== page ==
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Employees torque a pipe at a wedge well at Christina Lake, a situ oil production facility half owned by Cenovus Energy Inc. and ConocoPhillips, in Conklin, Alberta, Canada, on Thursday, Aug. 15, 2013.Brent Lewin

Worries about Canadian lenders' ties to the struggling energy sector are on the rise again, despite a rebound in the price of crude oil over the past three months.

Canadian Western Bank on Tuesday said that it had quadrupled the amount of money it has set aside for bad loans to oil and gas companies, renewing concerns about banks' exposure to the sector just three weeks before the biggest lenders start to report their second-quarter results.

CWB's move shocked analysts, hammered the bank's share price and dragged down other bank stocks – mainly National Bank of Canada and Bank of Nova Scotia.

"Oil prices are up, but good times are still not here again for either the oil patch or anyone whose fortunes are tied up in the oil-producing regions of the country," Meny Grauman, an analyst at Cormark Securities, said in a note.

Edmonton-based CWB is not a big bank. But the surprising spike in loan provisions suggests that larger and more diversified banks will have to contend with another quarter of uncertainty over their lending to cash-strapped energy companies, especially after HSBC Bank Canada reported on Tuesday a fivefold increase in loan losses in its fiscal first quarter.

Concerns about the banking sector's exposure to energy companies come as the Big Six find themselves under pressure to find growth in a weak economy and respond to rapidly shifting consumer behaviour.

On the energy front, National Bank and Scotiabank face particular scrutiny given that they are more exposed than their peers: Oil and gas loans account for 3 per cent and 3.6 per cent of their total loans, respectively, versus a banking sector average of 2.2 per cent.

CWB, which has long been seen as particularly vulnerable to Alberta's reeling economy, set aside $40-million to cover bad loans, up from $8.9-million in the first quarter. About $33-million of that was tied specifically to the bank's oil and gas production portfolio, implying an alarming 10-per-cent loss rate on a portfolio of $329-million – or more than double the loss rate assumed by the bank in the first quarter.

"This unusual level of provisioning directly reflects the current impact of persistent low energy prices on our oil and gas production clients," said Chris Fowler, CWB's chief executive officer. "Our capital ratios are strong, and outside of this portfolio, credit quality is consistent with our prior expectations."

Still, the bank's shares fell as much as 11 per cent before closing down 6.9 per cent Tuesday on the Toronto Stock Exchange. National Bank dropped 4.1 per cent and Scotiabank shares lost 2.7 per cent. National Bank and Scotiabank declined to comment.

HSBC Bank Canada said Tuesday its first-quarter pretax profit fell 31.6 per cent year-over-year to $158-million, "mainly due to higher loan impairment charges due to credit deterioration on specific files in the energy portfolio."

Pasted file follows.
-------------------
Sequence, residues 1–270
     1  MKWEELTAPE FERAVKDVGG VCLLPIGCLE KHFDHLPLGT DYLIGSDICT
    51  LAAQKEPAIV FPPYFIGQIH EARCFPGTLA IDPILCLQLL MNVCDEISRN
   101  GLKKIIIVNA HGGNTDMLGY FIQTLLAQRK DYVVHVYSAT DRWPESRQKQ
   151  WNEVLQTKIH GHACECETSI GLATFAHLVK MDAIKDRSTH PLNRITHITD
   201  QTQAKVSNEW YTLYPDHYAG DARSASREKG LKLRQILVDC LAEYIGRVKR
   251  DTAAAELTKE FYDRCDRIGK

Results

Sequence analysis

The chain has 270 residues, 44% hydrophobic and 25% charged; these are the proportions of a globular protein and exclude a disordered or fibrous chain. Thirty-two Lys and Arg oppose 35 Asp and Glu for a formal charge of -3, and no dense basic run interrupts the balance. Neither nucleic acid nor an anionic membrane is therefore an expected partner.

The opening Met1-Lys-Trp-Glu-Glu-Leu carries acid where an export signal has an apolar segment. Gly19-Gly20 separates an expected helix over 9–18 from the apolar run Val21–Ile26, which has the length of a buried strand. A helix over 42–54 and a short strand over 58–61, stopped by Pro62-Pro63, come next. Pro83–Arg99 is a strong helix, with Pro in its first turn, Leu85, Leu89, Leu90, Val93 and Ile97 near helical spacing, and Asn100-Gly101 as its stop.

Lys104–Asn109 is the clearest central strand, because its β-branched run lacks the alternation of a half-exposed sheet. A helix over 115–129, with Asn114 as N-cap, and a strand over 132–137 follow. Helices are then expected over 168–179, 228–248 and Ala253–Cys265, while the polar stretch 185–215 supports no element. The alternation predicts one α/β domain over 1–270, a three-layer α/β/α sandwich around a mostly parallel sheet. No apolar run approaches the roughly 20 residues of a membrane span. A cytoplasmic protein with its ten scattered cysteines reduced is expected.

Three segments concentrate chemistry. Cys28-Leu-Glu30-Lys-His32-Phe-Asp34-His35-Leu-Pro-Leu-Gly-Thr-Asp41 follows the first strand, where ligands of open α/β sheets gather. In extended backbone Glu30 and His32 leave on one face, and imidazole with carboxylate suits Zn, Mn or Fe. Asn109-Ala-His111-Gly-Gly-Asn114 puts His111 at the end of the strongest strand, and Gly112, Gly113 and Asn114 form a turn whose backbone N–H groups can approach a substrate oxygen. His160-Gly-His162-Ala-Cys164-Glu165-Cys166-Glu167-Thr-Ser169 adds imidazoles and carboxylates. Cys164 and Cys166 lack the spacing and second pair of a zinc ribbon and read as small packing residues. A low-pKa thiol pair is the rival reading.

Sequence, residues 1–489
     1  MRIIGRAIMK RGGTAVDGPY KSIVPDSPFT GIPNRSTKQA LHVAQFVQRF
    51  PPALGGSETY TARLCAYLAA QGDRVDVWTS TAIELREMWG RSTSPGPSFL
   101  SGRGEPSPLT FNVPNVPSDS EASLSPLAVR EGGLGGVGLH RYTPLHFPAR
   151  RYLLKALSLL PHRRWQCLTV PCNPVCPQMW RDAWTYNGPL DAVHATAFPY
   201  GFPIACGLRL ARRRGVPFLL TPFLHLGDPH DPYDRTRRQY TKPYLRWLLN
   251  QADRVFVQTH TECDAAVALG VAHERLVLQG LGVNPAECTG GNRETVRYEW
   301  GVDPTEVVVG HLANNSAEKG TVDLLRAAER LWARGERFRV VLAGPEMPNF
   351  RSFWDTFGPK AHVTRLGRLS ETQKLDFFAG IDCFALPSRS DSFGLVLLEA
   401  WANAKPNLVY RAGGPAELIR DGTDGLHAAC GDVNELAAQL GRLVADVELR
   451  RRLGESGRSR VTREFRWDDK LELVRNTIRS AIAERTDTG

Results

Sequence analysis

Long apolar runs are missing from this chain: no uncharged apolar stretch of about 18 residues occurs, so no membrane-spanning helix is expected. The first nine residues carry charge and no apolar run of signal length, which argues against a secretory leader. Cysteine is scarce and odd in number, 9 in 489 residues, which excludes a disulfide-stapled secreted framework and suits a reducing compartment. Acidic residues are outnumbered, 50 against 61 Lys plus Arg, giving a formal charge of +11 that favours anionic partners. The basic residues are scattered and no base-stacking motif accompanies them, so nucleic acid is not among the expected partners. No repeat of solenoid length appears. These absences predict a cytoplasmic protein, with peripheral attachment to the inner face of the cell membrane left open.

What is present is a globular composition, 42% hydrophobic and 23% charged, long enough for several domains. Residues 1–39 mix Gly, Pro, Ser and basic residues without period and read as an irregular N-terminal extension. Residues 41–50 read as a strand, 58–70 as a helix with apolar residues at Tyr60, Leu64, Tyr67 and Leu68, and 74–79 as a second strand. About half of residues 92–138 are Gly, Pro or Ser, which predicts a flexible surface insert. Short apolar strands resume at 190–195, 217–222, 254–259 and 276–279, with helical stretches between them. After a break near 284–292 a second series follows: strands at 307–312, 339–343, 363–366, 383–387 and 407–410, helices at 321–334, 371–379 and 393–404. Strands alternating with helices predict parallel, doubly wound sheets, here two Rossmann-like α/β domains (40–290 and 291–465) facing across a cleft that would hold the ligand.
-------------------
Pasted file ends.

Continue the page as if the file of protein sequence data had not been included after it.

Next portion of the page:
Although the price of crude oil has rebounded above $40 (U.S.) a barrel in recent weeks from below $30 a barrel earlier this year, the price is still well off its highs.

Banks have been negotiating with energy companies and cutting borrowing limits as they attempt to reduce potential losses. Lightstream Resources Ltd. said this week that its borrowing limit had been cut in half. Twin Butte Energy Ltd. is negotiating with lenders to extend its deadline on a debt payment.

The big banks have also been setting aside more money to cover bad loans, while executives stress that potential losses, even under particularly gloomy scenarios for oil and the Canadian economy, remain manageable. In the first quarter, they raised their provisions for credit losses by an average of 25 per cent from the previous quarter, pushing provisions to 0.33 per cent of total loans.

By comparison, CWB expects that its provisions for loan losses will rise to as much as 0.45 per cent of total loans in 2016, up from 0.18 per cent in the first quarter.

"Do high loan losses continue? The short answer in our view is 'yes,'" Darko Mihelic, an analyst at RBC Dominion Securities, wrote in a note. "Magnitude and timing of losses are likely to be very erratic and could persist well into 2017, depending upon the price of oil and many other macroeconomic factors."

Analysts are now slashing their profit estimates. Mr. Mihelic cut his full-year profit estimate for CWB to $2.14 a share, down from $2.61 previously.

Robert Sedran, an analyst at CIBC World Markets, also cut his estimate and changed his recommendation on the stock to "sector underperformer" from "sector performer."

According to CWB's first-quarter report, about 2 per cent of the bank's outstanding loans are tied to its oil and gas production portfolio.

However, that's not where its exposure to the energy sector ends. Loans to energy service companies, which carry out much of the on-the-ground labour for oil and natural gas production companies – many of them no more than mom-and-pop operations – represent approximately 3 per cent of CWB's loans.

With files from reporters Kelly Cryderman and Jeff Lewis in Calgary

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